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Meet the typical new entrepreneur: A young woman living in the South who's doing it as a side hustle

Jacob Zinkula,Juliana Kaplan   

Meet the typical new entrepreneur: A young woman living in the South who's doing it as a side hustle
  • Many Americans have started a business in recent years.
  • They're increasingly likely to be women, immigrants, and doing it as a side hustle.

Part of the American dream is the whisper that maybe, just maybe, you could make it striking out alone. And for many Americans, the siren call of entrepreneurship is one that's hard to resist.

But entrepreneurship isn't always attainable for everybody and it has its own systemic barriers to entry. The tides, however, might be changing a bit. Today's new entrepreneurs are coming from different backgrounds — and different parts of the country.

To be sure, many new businesses don't survive in the long run. Of the more than 700,000 US private sector businesses formed in March 2018, about 52% were still operating five years later, in March 2023, according to the Bureau of Labor Statistics.

Still, Americans are increasingly embracing entrepreneurship: According to an annual report by Babson College published in August 2023, 19% of working-age US adults were in the process of starting a business or had done so over the prior three-and-a-half years. That was the highest level since the survey began in 1999.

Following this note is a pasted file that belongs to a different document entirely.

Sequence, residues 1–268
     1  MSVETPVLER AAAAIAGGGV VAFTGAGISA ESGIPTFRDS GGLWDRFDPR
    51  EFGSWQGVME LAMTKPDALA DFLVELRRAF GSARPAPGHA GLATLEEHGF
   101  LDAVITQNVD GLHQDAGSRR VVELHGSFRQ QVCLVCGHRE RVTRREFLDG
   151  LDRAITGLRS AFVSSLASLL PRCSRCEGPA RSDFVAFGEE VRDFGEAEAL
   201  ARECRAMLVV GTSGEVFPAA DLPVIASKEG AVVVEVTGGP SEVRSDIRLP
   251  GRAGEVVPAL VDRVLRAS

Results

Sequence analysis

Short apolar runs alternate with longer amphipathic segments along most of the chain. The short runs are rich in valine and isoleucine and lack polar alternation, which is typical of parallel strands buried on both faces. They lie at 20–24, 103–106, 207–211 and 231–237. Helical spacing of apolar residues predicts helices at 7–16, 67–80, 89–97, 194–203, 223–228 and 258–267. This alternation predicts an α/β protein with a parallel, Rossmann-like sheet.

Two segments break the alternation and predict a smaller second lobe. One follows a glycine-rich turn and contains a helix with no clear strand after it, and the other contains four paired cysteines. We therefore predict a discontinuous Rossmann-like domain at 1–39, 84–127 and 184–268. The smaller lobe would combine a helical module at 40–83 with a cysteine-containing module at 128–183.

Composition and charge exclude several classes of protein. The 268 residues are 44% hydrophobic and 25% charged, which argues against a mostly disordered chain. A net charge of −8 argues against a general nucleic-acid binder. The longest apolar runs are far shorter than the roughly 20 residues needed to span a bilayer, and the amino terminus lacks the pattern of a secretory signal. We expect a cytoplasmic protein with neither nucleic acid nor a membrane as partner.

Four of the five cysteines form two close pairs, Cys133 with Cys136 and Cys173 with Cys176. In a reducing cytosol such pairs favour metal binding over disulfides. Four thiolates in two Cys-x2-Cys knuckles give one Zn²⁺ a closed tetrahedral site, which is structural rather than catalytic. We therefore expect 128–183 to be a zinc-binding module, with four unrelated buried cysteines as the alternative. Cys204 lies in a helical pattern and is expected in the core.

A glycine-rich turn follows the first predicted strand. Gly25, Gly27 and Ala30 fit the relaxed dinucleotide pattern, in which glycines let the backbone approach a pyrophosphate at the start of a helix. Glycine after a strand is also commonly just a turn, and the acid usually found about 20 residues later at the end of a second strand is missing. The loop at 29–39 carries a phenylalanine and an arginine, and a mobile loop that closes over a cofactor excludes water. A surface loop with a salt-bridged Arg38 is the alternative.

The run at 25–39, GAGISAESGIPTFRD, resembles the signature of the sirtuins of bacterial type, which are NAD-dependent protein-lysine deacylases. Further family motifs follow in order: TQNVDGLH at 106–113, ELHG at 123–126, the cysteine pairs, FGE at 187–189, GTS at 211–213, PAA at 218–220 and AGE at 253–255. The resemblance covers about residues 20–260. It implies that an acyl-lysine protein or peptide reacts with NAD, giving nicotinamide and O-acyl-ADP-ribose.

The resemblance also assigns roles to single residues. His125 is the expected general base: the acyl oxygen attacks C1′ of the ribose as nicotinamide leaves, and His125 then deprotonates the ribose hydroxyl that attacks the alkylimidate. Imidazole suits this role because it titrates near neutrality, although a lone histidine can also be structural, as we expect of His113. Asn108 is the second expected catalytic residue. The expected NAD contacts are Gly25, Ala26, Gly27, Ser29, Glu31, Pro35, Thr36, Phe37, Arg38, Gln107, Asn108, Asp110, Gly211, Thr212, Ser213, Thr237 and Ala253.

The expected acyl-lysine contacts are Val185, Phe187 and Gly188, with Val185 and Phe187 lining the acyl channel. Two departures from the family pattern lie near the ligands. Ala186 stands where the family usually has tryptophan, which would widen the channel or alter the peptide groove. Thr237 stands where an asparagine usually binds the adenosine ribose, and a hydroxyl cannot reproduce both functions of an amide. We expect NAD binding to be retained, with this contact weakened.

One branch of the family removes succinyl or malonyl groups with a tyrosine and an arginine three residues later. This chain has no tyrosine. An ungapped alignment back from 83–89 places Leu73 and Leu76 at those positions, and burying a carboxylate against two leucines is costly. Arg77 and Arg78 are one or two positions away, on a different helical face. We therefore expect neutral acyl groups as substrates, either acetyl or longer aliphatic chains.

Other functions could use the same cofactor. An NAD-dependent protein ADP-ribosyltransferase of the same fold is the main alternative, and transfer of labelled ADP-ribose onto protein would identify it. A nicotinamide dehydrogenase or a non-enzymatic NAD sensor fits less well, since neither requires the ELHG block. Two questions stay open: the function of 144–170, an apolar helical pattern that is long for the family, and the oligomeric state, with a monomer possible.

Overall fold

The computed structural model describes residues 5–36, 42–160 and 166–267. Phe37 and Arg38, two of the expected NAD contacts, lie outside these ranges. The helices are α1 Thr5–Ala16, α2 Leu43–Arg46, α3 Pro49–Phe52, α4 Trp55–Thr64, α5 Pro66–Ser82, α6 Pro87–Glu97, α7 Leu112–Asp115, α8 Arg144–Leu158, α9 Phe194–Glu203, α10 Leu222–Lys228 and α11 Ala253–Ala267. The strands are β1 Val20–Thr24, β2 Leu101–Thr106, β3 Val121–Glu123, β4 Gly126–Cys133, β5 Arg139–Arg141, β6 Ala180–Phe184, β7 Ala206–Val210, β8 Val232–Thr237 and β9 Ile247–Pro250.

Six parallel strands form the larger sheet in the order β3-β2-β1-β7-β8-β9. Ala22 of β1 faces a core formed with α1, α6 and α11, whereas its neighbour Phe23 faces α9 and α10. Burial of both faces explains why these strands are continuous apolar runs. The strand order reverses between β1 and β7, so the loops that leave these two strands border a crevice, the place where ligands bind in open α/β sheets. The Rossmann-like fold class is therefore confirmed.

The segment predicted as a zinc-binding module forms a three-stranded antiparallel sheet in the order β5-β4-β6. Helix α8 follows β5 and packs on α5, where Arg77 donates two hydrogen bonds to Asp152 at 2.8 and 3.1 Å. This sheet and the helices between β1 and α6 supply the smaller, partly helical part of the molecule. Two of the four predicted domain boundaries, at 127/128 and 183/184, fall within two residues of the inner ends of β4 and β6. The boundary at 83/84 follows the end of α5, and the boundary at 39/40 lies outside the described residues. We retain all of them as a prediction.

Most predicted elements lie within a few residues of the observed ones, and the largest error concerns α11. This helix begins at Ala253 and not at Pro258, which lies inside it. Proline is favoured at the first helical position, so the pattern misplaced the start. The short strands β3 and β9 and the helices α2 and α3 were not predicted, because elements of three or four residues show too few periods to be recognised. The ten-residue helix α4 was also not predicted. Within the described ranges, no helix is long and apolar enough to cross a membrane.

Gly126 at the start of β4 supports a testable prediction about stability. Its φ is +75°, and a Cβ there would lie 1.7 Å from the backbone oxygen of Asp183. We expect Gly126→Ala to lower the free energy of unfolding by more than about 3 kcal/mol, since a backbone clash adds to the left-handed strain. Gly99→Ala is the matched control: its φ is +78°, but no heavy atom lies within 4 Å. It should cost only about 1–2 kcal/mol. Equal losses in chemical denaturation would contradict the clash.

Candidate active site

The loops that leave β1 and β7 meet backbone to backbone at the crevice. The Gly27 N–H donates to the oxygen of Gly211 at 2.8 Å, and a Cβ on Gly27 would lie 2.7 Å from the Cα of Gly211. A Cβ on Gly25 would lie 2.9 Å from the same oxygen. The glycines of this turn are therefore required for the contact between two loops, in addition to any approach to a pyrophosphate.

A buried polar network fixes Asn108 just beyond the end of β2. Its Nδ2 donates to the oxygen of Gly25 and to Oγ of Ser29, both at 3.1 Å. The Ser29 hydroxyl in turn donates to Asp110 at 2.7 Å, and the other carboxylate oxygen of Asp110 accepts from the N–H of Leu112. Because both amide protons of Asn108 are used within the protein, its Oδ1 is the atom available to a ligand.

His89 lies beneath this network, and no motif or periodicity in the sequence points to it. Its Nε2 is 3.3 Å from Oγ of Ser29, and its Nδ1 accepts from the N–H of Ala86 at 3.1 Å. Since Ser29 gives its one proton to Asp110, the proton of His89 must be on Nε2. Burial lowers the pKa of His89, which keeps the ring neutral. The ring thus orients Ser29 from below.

So who are the newest entrepreneurs? They're a more diverse group than ever before, and for the most part, think self-employment is going well — but they might also see it as a financial lifeline.

New entrepreneurs are increasingly likely to be women, immigrants, and live in the Midwest

Women are increasingly taking the plunge into entrepreneurship, according to a survey of more than 1,300 entrepreneurs who started their businesses in 2023 conducted by the human-resources tech company Gusto.

The Gusto survey, conducted between January and March 2023, found that 49% of new business owners were women, compared to 45% of men — some respondents declined to identify as male or female or disclose their gender. Gusto compared these figures to Census Bureau data from 2019, when 29% of new entrepreneurs were women.

Broadly, self-employed workers are still more likely to be male — especially compared with the larger workforce, according to a Pew Research Center survey.

Sixty percent of new entrepreneurs were white, 14% were AAPI, 13% were Hispanic, and 6% were Black, per Gusto. The share of new Hispanic entrepreneurs rose from 8% in 2022 to 13% in 2023, Gusto found.

America's entrepreneurs are also increasingly likely to be born outside the US, according to a 2022 report published by the nonprofit Ewing Marion Kauffman Foundation. Citing current population survey data, the report found that in 2021, over 28% of new entrepreneurs were foreign-born — up from about 13% in 1996.

From March 2023 to March 2024, business formation applications were up in the Midwest, per the Census Bureau. New Hampshire saw more aspiring entrepreneurs, with applications up 20.7% — the highest year-over-year rate among all states. Similarly, in Minnesota, business applications were up 15.3%, and Montana saw applications up 16.4%.

But the South is seeing a new entrepreneurship boom. According to the Census Bureau's March 2024 business formation data, the South saw 195,341 business applications; the Northeast saw a fraction of that 64,355 — and that's with business applications in the South ticking down from February.

"The center of gravity of entrepreneurship is also shifting from coastal cities in the Northeast and West to the Southeast US and Mountain West," Gusto economist Luke Pardue wrote in a July 2023 analysis. That might be part of a larger shift as the center of the US economy — and the country's population — moves South.